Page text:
Google’s failed Facebook challenger, Google+, has been closed to the public after a security bug left user data open to hackers; but Google will revamp the service for businesses.
Google says around 500,000 users were affected by the bug, while a report from The Wall Street Journal claims the company knew about the bug in March, but chose not to inform the public.
Google says the breach was not serious enough to inform its users, and that none of the none of the data requisites had been met. However, the WSJ report says Google was concerned over a scandal to rival Facebook’s involvement with Cambridge Analytica.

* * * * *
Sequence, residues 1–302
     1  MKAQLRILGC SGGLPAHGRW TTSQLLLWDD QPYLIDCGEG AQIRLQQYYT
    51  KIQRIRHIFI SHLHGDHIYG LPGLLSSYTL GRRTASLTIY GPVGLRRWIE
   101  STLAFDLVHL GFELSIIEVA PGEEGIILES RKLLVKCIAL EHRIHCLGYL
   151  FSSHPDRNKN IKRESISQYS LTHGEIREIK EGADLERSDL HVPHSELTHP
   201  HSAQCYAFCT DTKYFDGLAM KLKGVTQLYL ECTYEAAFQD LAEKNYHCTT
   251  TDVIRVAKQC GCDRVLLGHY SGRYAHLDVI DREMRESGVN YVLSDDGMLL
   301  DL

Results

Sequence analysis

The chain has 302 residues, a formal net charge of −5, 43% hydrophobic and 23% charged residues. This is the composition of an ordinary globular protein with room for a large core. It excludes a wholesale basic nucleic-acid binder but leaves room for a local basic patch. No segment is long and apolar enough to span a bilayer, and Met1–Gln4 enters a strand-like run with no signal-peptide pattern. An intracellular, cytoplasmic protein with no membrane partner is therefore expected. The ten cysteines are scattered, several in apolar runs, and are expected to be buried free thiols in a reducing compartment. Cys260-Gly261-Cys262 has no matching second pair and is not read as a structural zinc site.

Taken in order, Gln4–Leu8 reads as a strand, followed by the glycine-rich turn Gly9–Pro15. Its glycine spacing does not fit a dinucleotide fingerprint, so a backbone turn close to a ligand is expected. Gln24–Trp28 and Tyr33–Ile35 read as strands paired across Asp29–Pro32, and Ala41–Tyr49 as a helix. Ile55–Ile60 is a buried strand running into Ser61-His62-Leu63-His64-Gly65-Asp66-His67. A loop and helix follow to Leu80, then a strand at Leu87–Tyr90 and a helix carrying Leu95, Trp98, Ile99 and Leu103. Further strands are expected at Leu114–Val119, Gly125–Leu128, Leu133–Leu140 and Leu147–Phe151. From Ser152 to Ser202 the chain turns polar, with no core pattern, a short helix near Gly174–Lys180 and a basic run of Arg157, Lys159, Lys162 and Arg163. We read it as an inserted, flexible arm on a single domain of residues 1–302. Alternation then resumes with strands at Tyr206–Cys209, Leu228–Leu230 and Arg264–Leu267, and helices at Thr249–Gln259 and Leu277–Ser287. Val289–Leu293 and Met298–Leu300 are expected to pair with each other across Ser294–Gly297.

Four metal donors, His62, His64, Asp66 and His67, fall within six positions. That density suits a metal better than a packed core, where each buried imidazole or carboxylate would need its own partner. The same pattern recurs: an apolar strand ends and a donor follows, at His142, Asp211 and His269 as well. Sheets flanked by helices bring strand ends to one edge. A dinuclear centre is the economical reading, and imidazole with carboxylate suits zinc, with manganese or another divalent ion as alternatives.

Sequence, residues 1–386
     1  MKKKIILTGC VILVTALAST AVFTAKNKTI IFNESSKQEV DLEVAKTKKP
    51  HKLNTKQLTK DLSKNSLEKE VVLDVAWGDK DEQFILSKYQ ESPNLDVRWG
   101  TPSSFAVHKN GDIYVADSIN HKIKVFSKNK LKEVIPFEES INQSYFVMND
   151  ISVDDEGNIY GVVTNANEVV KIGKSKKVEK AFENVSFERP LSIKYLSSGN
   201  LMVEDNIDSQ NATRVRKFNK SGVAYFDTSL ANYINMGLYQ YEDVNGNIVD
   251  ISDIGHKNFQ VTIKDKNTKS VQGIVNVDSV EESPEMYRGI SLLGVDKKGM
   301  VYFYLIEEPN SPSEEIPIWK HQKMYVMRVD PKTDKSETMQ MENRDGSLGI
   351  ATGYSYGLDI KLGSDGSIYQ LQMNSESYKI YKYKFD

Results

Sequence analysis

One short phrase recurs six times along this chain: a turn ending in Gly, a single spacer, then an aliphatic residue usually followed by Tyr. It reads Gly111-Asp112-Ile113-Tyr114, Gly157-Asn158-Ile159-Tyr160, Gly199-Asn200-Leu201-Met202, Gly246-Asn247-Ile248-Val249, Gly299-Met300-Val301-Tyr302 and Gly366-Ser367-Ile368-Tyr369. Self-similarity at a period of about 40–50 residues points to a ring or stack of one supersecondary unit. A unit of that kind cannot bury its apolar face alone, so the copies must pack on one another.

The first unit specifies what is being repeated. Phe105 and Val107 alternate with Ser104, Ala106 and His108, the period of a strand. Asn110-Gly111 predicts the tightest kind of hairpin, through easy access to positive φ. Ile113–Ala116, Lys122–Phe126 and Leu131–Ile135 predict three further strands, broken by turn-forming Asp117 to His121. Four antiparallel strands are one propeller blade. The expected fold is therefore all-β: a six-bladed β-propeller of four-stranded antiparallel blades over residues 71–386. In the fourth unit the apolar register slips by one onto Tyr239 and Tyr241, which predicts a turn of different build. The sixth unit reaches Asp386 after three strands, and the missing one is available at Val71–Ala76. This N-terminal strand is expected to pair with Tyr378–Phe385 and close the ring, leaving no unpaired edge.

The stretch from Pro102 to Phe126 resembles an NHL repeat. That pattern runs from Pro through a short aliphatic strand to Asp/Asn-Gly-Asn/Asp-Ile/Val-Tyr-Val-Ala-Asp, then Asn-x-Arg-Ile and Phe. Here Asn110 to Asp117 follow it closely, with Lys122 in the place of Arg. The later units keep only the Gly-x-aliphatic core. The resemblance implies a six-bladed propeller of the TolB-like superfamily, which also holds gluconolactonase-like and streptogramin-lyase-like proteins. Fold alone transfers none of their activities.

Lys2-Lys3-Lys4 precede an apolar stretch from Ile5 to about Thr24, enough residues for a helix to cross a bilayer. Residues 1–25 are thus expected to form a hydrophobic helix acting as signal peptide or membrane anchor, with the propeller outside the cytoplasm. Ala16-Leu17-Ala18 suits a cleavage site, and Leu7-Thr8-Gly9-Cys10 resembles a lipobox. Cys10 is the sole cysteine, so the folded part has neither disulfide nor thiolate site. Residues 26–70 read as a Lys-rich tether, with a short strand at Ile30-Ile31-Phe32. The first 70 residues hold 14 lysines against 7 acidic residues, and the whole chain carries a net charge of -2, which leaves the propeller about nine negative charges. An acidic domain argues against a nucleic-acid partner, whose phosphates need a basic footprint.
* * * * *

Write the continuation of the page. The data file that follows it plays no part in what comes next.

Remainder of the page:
In a blog post, Google writes:
“We discovered and immediately patched this bug in March 2018. We believe it occurred after launch as a result of the API’s interaction with a subsequent Google+ code change. We found no evidence that any developer was aware of this bug, or abusing the API, and we found no evidence that any Profile data was misused.”
The task of shutting down Google+ will take 10 months and is scheduled to be complete in August 2019. Google will start letting users know how to download their data soon. However, it will keep the enterprise side of Google+ active for businesses, and will launch new features around this soon.